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Robots go on patrol in South Korean care homes to detect mental health issues

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WHY THIS MATTERS IN BRIEF

As technology gets better at using different biomarkers and biometric cues to detect how people are feeling it’s opening up new healthcare opportunities.

 

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As people all around the world struggle with their mental health post COVID the government of Chungnam Province in South Korea have just announced they’ve entered into a cooperation deal with one of the country’s largest telecommunications firms KT Corporation to pilot Artificial Intelligence (AI) based care robots that will help communicate with elderly residents who are living alone, identify odd patterns of behaviour including suicidal behaviour, and help deal with mental health problems.

 

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A recent news report noted that the province has recorded the highest suicide rate in the country with 35 cases per 100,000 deaths, 8% higher compared to the national average. Lonely deaths shot up to over a thousand in 2019 from around 60 in 2011, according to South Korea’s Health and Welfare Ministry.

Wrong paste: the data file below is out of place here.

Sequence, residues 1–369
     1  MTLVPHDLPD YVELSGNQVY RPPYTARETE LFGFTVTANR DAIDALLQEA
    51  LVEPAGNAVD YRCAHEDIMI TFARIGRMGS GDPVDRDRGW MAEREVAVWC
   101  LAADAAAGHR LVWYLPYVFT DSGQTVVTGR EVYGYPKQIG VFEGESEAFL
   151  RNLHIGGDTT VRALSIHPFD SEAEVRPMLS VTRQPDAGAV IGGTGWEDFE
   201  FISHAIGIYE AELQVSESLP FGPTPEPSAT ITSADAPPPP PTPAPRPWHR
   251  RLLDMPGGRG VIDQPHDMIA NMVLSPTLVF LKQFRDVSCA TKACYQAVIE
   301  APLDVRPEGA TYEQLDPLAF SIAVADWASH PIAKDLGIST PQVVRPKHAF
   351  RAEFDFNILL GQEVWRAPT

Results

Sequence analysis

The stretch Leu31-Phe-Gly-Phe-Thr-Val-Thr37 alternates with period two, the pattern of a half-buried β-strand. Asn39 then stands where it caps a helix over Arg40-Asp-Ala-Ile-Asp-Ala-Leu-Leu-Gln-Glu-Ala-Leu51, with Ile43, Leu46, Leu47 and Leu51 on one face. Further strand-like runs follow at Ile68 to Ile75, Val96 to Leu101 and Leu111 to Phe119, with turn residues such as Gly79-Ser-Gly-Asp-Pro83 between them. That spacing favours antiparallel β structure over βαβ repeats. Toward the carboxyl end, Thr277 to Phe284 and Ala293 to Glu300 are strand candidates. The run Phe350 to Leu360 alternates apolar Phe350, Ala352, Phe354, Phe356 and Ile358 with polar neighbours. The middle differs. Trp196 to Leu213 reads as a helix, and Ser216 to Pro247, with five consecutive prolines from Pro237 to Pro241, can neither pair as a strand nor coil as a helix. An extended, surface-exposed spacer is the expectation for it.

Learn more about the Future of Healthcare, by Keynote Matthew Griffin

Running from March this year until October next year, the pilot project with KT involves 10 AI care robots that have been deployed to Cheongyang County, just south of the capital Seoul.

 

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The robot analyses voices and movements of people then, once it detects abnormal activities, it’ll notify health care centres and guardians during the day and the KT control tower at night. The robot also offers personalised services, such as giving quizzes for dementia prevention and playing relaxing music.

The project may eventually be expanded to other regions with high suicide rates after evaluating its effectiveness, said Hwang Chim-Hyun, an official from the provincial government.

 

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So far the South Korean government has invested just over $25 million in research to develop new digital treatments for depression after it saw the number of citizens struggling with their mental health triple during the pandemic from around 800,000 cases in 2019. Potential digital treatments include games and virtual reality.

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